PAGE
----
The stock market has gone through a powerful rally over the past year. But that doesn't mean that stocks will stay up forever. The next downturn might be right around the corner.

More importantly, some companies never rebounded in the aftermath of the financial crisis. In trying to protect your money, how can you differentiate between general fluctuations in the market and permanent losses of capital?

Permanent capital loss: a definition
A permanent loss of capital occurs when a stock goes down because of deteriorating business operations, and stays down for a very long time, or even forever. For example, if a company goes bankrupt, or its earnings power drops permanently, then shareholder value will also become permanently impaired. 

Want to avoid these dreaded losses? These Foolish tips might help you.

Avoid leverage
Leverage magnifies gains and losses, and can make temporary setbacks permanent. Earlier in this decade, homeowners betting on rising home prices borrowed a lot of money that they couldn't afford.

Of course, in the long term, home prices will rise again. But now, prices have tumbled, and the surplus of inventory and lack of easy credit has left investors without any buyers for the real estate they purchased. Consequently, many investors who leveraged their purchases too heavily have been forced to give up their homes. Thus, this temporary downturn in the housing industry has become a permanent loss for many investors.

Countrywide Financial is a textbook case in which shareholders suffered a permanent loss of capital, in large part because of excessive leverage. Founded in 1969, the company was renowned for its history of surviving brutal real estate and mortgage cycles. It eventually became the largest mortgage lender in the U.S.

However, Countrywide's nearly four decades of successfully navigating those cycles stopped dead when excessive use of debt left the company with an evaporating margin of error. Using a simple measure of leverage (assets divided by equity), the numbers (in millions) tell the tale:

Metric

1993

1997

2002

2006

Assets

3,299.1

7,689

58,030.7

199,946.2

Equity

693.1

1,611.5

5,161.1

14,317.8

Assets/Equity

4.8

4.8

11.2

14.0

Many factors contributed to Countrywide's downfall, but excessive leverage clearly played one of the largest roles in forcing Countrywide to sell itself at a low price to Bank of America (NYSE:BAC).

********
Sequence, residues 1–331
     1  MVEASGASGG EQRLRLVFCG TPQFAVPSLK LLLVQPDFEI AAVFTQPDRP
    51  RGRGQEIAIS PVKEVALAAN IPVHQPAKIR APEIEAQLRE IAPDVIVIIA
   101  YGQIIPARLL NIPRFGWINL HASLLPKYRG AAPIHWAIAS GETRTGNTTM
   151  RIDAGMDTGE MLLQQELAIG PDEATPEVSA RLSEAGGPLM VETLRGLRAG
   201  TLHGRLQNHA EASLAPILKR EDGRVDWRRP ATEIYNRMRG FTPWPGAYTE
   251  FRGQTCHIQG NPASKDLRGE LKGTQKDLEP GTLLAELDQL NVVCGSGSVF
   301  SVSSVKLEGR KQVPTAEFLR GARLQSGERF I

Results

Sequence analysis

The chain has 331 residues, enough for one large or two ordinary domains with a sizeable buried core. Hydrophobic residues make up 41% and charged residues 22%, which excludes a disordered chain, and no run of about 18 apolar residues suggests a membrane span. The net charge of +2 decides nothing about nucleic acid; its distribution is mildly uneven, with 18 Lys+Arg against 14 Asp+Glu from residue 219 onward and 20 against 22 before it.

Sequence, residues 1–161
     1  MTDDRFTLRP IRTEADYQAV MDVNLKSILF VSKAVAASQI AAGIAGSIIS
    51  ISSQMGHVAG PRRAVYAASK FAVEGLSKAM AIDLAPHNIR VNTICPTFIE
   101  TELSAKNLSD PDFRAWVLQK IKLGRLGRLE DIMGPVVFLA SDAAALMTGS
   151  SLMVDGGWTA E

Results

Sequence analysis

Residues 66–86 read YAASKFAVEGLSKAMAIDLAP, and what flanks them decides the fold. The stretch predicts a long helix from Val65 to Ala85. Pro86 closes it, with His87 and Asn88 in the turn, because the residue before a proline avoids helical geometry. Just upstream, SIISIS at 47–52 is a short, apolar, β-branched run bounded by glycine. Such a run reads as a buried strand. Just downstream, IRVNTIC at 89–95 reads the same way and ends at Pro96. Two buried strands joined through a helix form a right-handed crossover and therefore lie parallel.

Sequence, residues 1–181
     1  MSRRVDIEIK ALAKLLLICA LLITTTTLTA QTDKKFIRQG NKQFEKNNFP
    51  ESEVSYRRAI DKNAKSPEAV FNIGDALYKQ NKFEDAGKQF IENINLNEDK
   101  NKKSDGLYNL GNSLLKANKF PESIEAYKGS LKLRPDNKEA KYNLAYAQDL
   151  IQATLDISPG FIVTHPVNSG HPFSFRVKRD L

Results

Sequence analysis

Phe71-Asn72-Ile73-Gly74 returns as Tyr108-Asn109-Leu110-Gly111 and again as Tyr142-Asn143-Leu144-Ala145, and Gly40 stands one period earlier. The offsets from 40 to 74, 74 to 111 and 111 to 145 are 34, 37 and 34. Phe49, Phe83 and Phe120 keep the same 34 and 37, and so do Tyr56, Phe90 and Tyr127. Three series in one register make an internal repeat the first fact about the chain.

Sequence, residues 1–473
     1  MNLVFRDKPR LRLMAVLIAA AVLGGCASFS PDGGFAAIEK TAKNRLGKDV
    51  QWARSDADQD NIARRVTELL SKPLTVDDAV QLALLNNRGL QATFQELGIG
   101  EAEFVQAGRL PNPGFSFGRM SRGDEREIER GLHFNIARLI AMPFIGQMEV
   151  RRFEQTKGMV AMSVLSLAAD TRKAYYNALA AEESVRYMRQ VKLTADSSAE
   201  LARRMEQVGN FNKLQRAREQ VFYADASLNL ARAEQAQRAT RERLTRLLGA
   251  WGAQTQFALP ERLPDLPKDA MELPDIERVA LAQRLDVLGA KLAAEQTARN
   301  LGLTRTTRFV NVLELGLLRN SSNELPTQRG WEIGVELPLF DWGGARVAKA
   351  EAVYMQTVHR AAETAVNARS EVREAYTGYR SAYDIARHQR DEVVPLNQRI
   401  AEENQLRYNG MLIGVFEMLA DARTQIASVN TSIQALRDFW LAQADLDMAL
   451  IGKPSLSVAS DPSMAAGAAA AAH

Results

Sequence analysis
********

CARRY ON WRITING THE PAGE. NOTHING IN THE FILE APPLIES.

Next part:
Avoid obsolescence
As new technology rolls in, outmoded ideas fade. The rise of the Internet made big winners out of popular online companies like Yahoo (NASDAQ:YHOO) and Amazon.com (NASDAQ:AMZN). But as this new method of obtaining data rapidly spread, Internet users abandoned newspapers. The loss of traditional newspaper readers might be permanent, severely impairing the industry's earning power.

Shareholders who didn't anticipate the newspaper's gradual obsolescence, and bought shares of New York Times (NYSE:NYT) around $50 per share back in 2004, have probably suffered a permanent impairment of capital. Shares now languish around $12 per share. Other newspaper publishers, such as Gannett (NYSE:GCI), have suffered similar declines.

Understanding where a company is in the life cycle of its industry is crucial for an investor. Companies that lose competitiveness to new technologies might never recover. That dissolution will result in a permanent loss for investors who arrive too late to the party.

Avoid shrinking moats
In addition to leverage and obsolescence, a shrinking moat can also permanently impair shareholder value. Warren Buffett, chairman of Berkshire Hathaway (NYSE:BRK-A) (NYSE:BRK-B), purchased Dexter Shoe, a U.S. shoe manufacturer, in 1993. However, the shoe industry was in the process of being outsourced to Asia, where manufacturers using cheap labor could severely undercut domestic producers.

Even the best investors make mistakes, and Buffett later noted that purchasing Dexter was clearly an error on his part, due to its dwindling competitive advantages.

Beware of "bargain" stocks
Even after the big run-up, many stocks have still lost substantial ground over the past two years. Many investors are still sitting on some fairly large losses. Many of those stocks are down because of overall market volatility; their prices will eventually reverse as our economy strengthens over time. However, some stocks may be down for reasons beyond general market movement.

It's important for investors to distinguish how companies stand relative to these conditions, and whether the ones that are selling now are true values with the potential to rebound.

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Dan Caplinger updated this article, originally written by Emil Lee and published Jan. 22, 2008. Both Dan and the Motley Fool own shares of Berkshire Hathaway, which is a Motley Fool Inside Value selection. Amazon.com and Berkshire Hathaway are Motley Fool Stock Advisor recommendations. Try any of our Foolish newsletters today, free for 30 days. The Fool has a disclosure policy.